The further to the left or the right you move, the more your lens on life distorts.

Tuesday, September 06, 2016


I live in Florida—a hot and humid subtropical climate for six months a year. It's the kind of climate that reeks havoc on houses. Dampness, heavy rains and heat lead to wood rot wherever and whenever water can penetrate a building. Most Florida residents recognize that this phenomenon occurs. In fact, if one were to look closely at wood near the foundation of a house the rot is often visually evident. And yet, because people are people, it's always easier to disregard evidence of rot (hoping it won't spread or get worse) than it is to remedy the problem.

Corruption is the "wood rot" of government. It often starts small with scant evidence it exists, but after a time the rot is undeniable. And yet, because people are people, it's easier to disregard or deny the evidence it exists.

During the past eight years corruption within major government agencies has become frighteningly obvious. Those agencies have worked as hard as they can to cover up the rot, to deny it exists, to stonewall any attempt to uncover and expose it. But like wood rot in Florida houses, it won't go away, remedy itself, or slow down.

William McGurn comments on two major scandals that involve the State Department and the IRS:
Mrs. Clinton says officials at State never told her what she was doing wasn’t allowed. That isn’t quite true. It’s more accurate to say she never asked the people who would have the answers to these questions. The IG report confirms it was made clear to State staffers that she did not want the questions asked.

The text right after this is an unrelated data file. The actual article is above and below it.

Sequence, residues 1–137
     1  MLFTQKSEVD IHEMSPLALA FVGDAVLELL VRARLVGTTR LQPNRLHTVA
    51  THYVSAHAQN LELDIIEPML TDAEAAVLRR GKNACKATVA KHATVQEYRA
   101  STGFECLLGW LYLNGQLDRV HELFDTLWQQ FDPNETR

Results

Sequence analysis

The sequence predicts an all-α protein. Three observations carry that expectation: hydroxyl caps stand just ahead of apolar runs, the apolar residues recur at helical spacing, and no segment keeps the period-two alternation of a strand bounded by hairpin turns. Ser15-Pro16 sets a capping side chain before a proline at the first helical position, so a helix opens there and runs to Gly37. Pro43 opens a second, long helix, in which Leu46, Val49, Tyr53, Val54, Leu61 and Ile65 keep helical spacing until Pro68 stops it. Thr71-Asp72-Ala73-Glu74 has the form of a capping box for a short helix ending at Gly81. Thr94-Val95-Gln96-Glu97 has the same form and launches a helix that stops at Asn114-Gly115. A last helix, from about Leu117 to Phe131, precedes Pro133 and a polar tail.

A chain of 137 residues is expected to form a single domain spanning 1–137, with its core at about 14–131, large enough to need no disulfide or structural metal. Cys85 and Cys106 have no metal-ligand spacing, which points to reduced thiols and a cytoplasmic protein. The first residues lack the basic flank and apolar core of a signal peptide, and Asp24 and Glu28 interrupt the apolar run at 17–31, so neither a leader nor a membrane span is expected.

It gets worse. Even today her former department is still resisting efforts to make public the emails she tried to hide. Groups such as Judicial Watch have done yeoman’s work in forcing the emails into the sunlight—but they have also had to get court orders to pry them out of an obstructionist State Department.

It’s a disturbing pattern, and unfortunately it’s not limited to State. There have been similar questions about the integrity and professionalism of the IRS ever since the American people learned in 2013 that it was unfairly targeting conservative groups seeking tax-exempt status.

Three years, many congressional hearings and disappearing hard drives later, there is still no evidence the IRS has ended the practice. Just last month, a three-judge panel of the D.C. Circuit Court of Appeals described the IRS approach to its targets this way: “You’re alright for now, but there may be another shoe falling.” This follows on a March ruling from the Sixth Circuit Court of Appeals, which blasted the IRS for refusing to produce a list of those it had targeted—as well as for its bad faith in defending itself by invoking a rule meant to “protect taxpayers from the IRS, not the IRS from taxpayers.”

Originally the speculation was that the IRS effort had been orchestrated by the Obama administration. As the Journal’s James Taranto noted at the time, the IRS scandal is worse if it was not directed by the White House. “If it ‘went rogue’ against the Constitution and in support of the party in power,” he wrote, “then we are dealing with a cancer on the federal government.”
Of course, the Democrats are like the Florida homeowner who is in denial about the rot he sees. "It's really just discoloration of the wood", says the homeowner sagely, "it's nothing to worry about."

But it's neither of those things. The rot will spread; it will get more destructive and damaging. It will affect Democrats and the GOP alike—especially with a new president—Hillary Clinton—that not only won't act to remediate the rot, but will actively work to encourage its spread.